Summary of The Barbizon School
Pioneers of the Naturalist movement in landscape painting, The Barbizon School was a loose association of artists who worked around the village of Barbizon, located just outside Paris near the Forest of Fontainebleau. Members came from different backgrounds and worked in a range of styles but they were drawn together by their passion for painting en plein air and their desire to elevate landscape painting from a mere background to mythological or classical scenes to a subject in its own right. The rugged countryside and ancient trees of the forest held a powerful attraction and inspired several generations of artists from Jean-Baptiste-Camille Corot, Theodore Rousseau, and Jean-François Millet to Renoir and Manet.
Key Ideas & Accomplishments
- In reaction to the stylized and idealized depictions of figures and landscapes favored by Neoclassicism, most artists that formed part of the school approached painting in a naturalistic manner - capturing the things that they saw truthfully, making careful observations and painting directly from nature to faithfully reproduce the colors and forms of the countryside.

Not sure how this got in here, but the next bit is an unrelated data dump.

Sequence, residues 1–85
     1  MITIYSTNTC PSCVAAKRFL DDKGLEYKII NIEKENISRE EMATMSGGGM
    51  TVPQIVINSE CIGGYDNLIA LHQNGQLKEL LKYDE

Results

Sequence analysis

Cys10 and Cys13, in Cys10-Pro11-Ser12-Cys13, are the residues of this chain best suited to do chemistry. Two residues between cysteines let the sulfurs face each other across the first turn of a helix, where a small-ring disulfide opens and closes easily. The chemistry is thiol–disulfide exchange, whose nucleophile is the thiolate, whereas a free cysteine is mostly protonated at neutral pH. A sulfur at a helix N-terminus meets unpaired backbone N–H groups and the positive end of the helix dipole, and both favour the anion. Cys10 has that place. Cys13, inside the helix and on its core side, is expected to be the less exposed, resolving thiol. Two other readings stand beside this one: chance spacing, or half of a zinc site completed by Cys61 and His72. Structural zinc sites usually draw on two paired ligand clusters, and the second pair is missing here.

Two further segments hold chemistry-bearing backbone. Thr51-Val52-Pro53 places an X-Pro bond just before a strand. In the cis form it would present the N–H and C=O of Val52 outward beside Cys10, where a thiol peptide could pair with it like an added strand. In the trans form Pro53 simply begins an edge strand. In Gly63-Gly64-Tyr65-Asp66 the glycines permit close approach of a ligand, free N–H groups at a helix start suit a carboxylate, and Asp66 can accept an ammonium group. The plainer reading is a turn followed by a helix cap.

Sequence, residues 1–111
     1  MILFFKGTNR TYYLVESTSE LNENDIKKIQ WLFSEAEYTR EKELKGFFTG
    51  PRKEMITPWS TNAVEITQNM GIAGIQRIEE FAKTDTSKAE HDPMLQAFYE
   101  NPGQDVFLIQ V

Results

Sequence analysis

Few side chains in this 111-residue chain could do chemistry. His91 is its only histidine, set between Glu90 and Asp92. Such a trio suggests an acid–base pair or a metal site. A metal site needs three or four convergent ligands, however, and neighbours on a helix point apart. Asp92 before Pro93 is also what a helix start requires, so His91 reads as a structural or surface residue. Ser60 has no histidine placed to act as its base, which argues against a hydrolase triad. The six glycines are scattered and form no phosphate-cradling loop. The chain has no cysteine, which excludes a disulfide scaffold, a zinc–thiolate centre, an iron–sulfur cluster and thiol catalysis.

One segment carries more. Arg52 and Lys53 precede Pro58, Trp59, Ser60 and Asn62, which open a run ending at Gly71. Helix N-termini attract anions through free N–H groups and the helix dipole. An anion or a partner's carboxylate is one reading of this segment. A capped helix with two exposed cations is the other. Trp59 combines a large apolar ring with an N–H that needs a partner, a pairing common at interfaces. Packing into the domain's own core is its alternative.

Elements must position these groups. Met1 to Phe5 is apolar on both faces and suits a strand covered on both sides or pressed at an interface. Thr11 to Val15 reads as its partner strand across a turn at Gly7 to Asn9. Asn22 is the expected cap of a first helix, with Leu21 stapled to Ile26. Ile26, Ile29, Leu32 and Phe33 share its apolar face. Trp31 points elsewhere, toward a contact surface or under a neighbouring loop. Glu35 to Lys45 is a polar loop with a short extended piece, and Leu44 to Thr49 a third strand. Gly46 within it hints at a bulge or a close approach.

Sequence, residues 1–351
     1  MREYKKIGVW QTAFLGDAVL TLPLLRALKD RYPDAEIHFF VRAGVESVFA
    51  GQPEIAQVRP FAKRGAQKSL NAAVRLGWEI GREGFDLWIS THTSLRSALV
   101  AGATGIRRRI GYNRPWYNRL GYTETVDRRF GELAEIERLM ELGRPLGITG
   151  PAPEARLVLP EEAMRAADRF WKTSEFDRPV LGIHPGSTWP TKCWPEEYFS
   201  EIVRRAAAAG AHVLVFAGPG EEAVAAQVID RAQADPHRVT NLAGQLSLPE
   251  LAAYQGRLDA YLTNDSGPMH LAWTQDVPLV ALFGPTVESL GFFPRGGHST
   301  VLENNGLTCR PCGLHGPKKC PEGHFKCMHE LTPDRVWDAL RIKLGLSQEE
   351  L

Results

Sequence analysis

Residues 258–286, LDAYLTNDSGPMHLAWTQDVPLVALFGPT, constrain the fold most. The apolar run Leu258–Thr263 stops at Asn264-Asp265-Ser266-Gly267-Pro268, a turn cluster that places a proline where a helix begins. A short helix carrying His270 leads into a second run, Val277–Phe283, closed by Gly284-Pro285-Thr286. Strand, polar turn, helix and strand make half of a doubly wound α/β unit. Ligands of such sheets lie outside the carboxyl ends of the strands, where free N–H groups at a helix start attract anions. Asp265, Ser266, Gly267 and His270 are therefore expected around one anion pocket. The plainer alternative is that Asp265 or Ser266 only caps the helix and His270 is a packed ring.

- Although many pieces produced by artists from the school contain figures, most are without narrative and this echoes the wider tenets of the school in that the landscape itself forms the main subject matter of the work. The exception to this is Millet who extended the concepts of Naturalism to the human form, focusing on rural laborers in the area around Barbizon and often including a social commentary in his art.
- The Barbizon painters trialed various techniques including applying wet paint onto wet paint, completing a canvas in a single sitting, and concentrating on the effects of light on the landscape. Many also worked using looser brushstrokes and a freer style than was traditional in Academic painting. These experiments had a profound impact on the work of the Impressionists who travelled to Barbizon as young artists to learn from the members of the School.
Overview of The Barbizon School
The Forest of Fontainebleau first began attracting artists in the 18th century including the Neoclassicists Jean-Joseph-Xavier Bidauld, Théodore Caruelle d'Aligny, and Alexandre Desgoffe. The painters were drawn, not only, to the wild and varied landscape, but also to the French fables and legends that were associated with the forest. It was, however, the arrival of Corot and Théodore Rousseau in the early 19th century that made the area into a magnet for artists including Jean-François Millet, Charles-François Daubigny, Constant Troyon, Charles Jacque, and Narcisse-Virgilio Díaz de la Peña.